laziness threshold: noun \ˈlā-zē-ness thresh-ˌhōld\
1: the point where a situation becomes so intolerable that one must finally overcome their own laziness to do something about it.
"I'm hungry, but my laziness threshold has not yet been met, so I'm not going to get off the couch to go to the kitchen."
That's a phrase that I came up with not long ago, mostly to describe my preference for whining about being hungry as opposed to my actually cooking. But I recently found a similar phrase that I think goes hand-in-hand with "laziness threshold." In the book, The Itty Bitty Kitchen Handbook, by Justin Spring, he describes the "shut-off point," where clutter and mess so overwhelm a workspace that it cannot be used for its primary function anymore. In the kitchen, "clutter stops most food preparation and the local takeout place gets a lot of business" -- that's how Tricia Postle eloquently sums it up in her review of the book on Kevin Kelly's site, KK.org.
The Itty Bitty Kitchen Handbook is full of tips and tricks like these for making the best use out of your tiny kitchen. And Spring should know from tiny: he grew up on a boat, with a kitchen so small it was little more than a camp stove and ice chest. In addition to small-space-specific lessons, Spring also discusses basics like cleaning and maintenance, appliances and tools, and even includes recipes aimed to use as little of your resources as possible. Though the book is no longer in print, Postle points out that it can be found on Amazon.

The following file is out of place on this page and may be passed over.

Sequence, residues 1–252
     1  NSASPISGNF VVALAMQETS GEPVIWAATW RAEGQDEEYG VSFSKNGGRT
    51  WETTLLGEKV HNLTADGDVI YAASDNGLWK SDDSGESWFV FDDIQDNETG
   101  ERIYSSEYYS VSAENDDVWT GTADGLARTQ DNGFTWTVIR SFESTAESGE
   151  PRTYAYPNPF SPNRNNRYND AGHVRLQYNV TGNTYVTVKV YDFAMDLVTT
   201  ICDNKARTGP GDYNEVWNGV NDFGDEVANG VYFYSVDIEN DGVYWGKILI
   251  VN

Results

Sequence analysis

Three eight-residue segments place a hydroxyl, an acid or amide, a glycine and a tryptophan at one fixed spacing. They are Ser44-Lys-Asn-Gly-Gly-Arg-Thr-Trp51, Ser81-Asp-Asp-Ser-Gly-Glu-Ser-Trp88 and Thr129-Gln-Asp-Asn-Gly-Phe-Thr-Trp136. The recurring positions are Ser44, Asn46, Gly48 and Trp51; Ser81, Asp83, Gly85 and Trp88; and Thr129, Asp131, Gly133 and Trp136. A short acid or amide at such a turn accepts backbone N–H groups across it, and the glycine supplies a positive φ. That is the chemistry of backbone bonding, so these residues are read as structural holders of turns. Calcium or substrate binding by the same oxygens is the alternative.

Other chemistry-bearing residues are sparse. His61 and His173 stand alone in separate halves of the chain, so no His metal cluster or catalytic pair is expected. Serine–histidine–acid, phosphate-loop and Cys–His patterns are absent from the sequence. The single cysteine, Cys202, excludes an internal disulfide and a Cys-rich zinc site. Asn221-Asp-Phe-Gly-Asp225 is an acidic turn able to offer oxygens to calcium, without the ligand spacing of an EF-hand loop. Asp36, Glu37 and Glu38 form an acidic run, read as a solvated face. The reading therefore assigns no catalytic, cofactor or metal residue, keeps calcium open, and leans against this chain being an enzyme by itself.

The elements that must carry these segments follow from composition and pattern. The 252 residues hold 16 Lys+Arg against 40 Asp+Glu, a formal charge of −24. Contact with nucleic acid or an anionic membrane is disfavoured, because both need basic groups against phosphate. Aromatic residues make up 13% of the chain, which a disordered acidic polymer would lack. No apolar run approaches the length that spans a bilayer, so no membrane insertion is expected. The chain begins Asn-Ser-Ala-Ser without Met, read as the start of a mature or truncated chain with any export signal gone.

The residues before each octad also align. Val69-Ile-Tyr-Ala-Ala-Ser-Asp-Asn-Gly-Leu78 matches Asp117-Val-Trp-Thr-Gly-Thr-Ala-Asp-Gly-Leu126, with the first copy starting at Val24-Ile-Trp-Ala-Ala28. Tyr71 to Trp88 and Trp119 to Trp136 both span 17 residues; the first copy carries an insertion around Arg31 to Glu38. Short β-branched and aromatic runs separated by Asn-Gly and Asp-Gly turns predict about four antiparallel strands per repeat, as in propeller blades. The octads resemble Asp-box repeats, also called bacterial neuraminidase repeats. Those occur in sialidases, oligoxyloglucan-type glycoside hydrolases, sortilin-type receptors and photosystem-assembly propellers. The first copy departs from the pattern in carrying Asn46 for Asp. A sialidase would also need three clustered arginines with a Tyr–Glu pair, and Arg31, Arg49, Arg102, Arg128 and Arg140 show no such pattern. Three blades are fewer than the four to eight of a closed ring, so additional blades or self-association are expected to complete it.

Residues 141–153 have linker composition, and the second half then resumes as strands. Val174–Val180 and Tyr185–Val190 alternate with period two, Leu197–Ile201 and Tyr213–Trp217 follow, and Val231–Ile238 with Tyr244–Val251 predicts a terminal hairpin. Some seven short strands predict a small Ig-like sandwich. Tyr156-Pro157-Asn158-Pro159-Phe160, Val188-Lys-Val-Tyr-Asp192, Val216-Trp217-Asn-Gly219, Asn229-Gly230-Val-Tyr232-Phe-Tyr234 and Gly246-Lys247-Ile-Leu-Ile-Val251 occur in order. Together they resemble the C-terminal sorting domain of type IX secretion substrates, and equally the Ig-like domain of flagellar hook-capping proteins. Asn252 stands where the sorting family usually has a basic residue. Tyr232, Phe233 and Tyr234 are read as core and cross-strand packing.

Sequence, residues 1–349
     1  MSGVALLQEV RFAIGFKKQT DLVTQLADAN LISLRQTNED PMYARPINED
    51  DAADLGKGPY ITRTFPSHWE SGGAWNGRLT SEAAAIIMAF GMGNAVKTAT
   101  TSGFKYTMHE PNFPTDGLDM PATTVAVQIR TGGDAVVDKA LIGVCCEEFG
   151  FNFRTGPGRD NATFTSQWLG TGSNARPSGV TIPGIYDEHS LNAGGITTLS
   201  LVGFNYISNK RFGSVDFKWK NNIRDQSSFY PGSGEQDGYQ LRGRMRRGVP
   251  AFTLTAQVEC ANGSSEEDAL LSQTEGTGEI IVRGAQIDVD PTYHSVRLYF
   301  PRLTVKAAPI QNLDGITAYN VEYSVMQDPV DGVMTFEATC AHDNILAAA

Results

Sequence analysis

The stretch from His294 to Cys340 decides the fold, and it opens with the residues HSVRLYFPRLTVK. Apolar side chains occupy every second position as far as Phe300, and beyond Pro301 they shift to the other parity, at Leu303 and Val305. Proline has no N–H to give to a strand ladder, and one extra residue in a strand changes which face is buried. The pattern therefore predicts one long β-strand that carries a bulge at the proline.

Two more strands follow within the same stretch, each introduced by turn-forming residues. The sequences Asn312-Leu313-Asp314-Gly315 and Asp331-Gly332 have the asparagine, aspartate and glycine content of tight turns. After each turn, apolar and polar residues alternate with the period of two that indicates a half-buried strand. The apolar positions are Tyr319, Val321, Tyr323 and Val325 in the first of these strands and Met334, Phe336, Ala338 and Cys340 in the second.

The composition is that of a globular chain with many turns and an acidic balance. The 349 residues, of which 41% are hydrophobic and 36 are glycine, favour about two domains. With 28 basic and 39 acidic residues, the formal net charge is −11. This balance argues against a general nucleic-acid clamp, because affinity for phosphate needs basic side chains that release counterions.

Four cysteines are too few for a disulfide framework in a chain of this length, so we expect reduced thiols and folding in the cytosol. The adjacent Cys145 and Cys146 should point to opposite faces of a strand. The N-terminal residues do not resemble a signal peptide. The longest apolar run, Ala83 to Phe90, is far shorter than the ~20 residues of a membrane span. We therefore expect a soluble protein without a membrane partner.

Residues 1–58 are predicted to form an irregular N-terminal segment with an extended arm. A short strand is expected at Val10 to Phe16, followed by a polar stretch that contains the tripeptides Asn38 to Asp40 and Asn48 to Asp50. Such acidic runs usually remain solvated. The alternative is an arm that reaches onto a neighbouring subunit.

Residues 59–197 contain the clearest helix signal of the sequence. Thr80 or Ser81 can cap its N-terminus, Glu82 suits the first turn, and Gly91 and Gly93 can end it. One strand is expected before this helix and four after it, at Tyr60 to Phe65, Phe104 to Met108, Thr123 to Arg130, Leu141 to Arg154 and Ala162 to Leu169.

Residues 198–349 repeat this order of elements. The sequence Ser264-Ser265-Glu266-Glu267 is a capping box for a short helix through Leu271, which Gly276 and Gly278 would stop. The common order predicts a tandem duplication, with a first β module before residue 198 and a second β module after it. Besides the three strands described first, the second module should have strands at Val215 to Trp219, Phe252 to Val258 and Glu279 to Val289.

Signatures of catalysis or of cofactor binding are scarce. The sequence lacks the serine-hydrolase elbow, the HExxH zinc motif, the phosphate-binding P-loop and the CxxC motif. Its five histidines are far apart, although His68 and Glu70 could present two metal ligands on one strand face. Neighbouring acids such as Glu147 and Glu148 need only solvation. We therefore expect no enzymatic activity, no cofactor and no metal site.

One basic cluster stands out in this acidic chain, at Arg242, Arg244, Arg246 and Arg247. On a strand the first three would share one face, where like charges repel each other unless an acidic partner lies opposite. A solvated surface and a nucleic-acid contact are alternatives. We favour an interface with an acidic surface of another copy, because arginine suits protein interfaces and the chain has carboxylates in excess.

To go along with Spring's practical advice, Better Homes and Gardens has a collection of 11 Clever Kitchen Storage Solutions. While all are gorgeous, most of them seem to be permanent renovations that many renters couldn't get away with nor afford. However, this one caught my eye...
One of the realities about living in a small space is accepting what you have and making the best of it. I've lived in older apartments with some wacky drawers: drawers that were useless because someone installed an appliance that blocked it, teeny drawers that would maybe fit a couple of toothpicks and chopsticks. What about those who have no "utensil-sized" drawers, and only big, deep drawers? The solution above of storing your silver vertically is total genius.
And now that I've overcome my my laziness threshold, and with my kitchen not quite yet at the shut-off point, time to figure out what to do for dinner. But, um, is there a phrase that means "can't cook anything beyond a frozen pizza?"